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Iowa researchers have been granted $4 million to help the renewable energy industry grow

A $4 million grant has been awarded to researchers at the University of Iowa to boost renewable energy enterprises in Iowa and Kansas. The four-year project, financed by the United States National Science Foundation’s Established Program to Stimulate Competitive Research (EPSCoR), aims to boost the country’s renewable energy competitiveness.

The researchers want to find new supplies of rare earth elements, which are used in a variety of renewable energy systems, such as batteries as well as magnets in wind turbines. The funding will also help experts better assess area groundwater supplies, which are crucial in the manufacturing of ethanol.

Kansas and Iowa are national renewable energy leaders, with both states ranking among the top 5 in overall wind power generation. Iowa is the clear leader in ethanol production, with Kansas coming in at the top 10. “What’s particularly exciting about this project is that it will establish a direct link between government agencies and academic research in both states, and the private sector,” says Brad Cramer, who serves as an associate professor in the Department of Earth and Environmental Sciences as well as a principal investigator for the award.

Principal investigators include Jessica Meyer, who works as an assistant professor at the Department of Earth and Environmental Sciences, as well as Keith Schilling, a state geologist and head of the Iowa Geological Survey. The University of Kansas and the Kansas Geological Survey will collaborate with the Iowa team.

“These projects foster the curiosity-driven study and focus on vital topics such as STEM education and employment prospects in their communities by developing regional relationships with higher education and industry,” said NSF director Sethuraman Panchanathan.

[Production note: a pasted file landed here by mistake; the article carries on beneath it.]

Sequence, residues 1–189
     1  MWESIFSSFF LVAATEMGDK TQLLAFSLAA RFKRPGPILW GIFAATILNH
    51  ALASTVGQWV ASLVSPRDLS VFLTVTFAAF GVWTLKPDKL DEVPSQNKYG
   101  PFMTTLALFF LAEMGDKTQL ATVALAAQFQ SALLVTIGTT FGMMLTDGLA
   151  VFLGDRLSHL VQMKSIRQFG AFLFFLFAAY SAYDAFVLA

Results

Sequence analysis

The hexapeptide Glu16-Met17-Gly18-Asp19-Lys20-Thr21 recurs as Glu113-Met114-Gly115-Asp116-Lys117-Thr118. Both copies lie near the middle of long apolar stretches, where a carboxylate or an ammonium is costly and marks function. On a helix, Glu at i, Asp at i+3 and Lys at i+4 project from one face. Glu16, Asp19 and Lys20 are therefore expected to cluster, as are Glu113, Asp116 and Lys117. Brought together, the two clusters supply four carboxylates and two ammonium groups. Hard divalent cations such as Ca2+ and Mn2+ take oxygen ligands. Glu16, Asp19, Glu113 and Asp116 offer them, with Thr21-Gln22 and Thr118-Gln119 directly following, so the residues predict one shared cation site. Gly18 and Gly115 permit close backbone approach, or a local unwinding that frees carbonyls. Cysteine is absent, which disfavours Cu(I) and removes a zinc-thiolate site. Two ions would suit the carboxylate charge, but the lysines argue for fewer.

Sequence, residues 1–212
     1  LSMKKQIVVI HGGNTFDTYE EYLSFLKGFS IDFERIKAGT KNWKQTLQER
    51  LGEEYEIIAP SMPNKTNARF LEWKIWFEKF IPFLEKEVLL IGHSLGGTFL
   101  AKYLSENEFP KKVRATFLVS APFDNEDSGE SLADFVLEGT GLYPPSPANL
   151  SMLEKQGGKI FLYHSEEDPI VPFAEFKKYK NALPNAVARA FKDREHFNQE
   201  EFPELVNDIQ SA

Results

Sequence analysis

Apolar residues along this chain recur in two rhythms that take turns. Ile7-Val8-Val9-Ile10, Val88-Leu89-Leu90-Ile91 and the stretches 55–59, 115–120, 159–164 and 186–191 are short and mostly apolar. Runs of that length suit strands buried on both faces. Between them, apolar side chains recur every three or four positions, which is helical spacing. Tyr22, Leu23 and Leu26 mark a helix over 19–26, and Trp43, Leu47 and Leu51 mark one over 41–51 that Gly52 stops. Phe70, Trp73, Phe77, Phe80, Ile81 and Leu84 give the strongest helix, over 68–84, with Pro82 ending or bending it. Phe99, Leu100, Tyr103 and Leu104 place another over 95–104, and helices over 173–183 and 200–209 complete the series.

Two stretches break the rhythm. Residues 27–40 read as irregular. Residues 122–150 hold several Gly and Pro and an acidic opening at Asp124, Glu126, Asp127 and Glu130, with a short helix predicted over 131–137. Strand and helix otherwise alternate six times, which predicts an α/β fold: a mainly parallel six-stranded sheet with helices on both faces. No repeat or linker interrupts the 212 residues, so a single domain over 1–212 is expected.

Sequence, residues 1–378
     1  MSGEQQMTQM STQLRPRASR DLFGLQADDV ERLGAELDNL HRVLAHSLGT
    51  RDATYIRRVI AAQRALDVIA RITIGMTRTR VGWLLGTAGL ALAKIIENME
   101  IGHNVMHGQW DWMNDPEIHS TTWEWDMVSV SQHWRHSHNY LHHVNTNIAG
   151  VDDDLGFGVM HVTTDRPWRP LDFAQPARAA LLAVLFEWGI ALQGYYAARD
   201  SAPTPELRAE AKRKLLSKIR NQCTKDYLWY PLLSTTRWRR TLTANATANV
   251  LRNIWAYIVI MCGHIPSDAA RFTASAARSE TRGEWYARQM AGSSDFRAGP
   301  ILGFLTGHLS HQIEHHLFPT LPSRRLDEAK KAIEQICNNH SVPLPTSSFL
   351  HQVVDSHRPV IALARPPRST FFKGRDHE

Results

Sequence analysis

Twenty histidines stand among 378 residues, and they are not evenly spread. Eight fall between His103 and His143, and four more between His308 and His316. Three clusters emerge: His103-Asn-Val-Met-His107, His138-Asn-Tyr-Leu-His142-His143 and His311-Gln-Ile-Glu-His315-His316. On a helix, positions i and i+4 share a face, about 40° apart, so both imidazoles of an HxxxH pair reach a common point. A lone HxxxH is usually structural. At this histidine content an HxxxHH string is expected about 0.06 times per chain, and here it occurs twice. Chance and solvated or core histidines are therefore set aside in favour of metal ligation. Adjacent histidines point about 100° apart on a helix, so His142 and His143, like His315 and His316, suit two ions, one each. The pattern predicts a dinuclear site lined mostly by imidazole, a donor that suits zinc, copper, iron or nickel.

The National Science Foundation (NSF) is a federally funded independent agency that promotes fundamental research and teaching in all non-medical sectors of science and engineering. The National Institutes of Health is its medical counterpart. The NSF funds around 25% of all federally financed fundamental research undertaken by colleges and universities in the United States, with a yearly budget of around $8.3 billion (the financial year 2020). The NSF is a key source of federal funding in various subjects, like economics, mathematics, computer science, and the social sciences.

The director and deputy director of the National Science Foundation (NSF) are selected by the President of the United States and approved by the Senate whereas the 24 members of the National Science Board (NSB) are selected by the President of the United States and do not require Senate confirmation. The foundation’s administration, planning, budgeting, and day-to-day activities are handled by the director and deputy director, while the NSB convene six times a year to define overarching policy. Sethuraman Panchanathan is the current director of the National Science Foundation.

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